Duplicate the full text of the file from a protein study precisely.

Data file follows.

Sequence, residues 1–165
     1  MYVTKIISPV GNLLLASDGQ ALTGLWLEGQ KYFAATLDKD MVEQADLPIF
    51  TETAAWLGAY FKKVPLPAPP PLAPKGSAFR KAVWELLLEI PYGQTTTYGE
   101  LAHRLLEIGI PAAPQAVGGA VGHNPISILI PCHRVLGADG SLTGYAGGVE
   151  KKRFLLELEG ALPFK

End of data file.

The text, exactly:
Sequence, residues 1–165
     1  MYVTKIISPV GNLLLASDGQ ALTGLWLEGQ KYFAATLDKD MVEQADLPIF
    51  TETAAWLGAY FKKVPLPAPP PLAPKGSAFR KAVWELLLEI PYGQTTTYGE
   101  LAHRLLEIGI PAAPQAVGGA VGHNPISILI PCHRVLGADG SLTGYAGGVE
   151  KKRFLLELEG ALPFK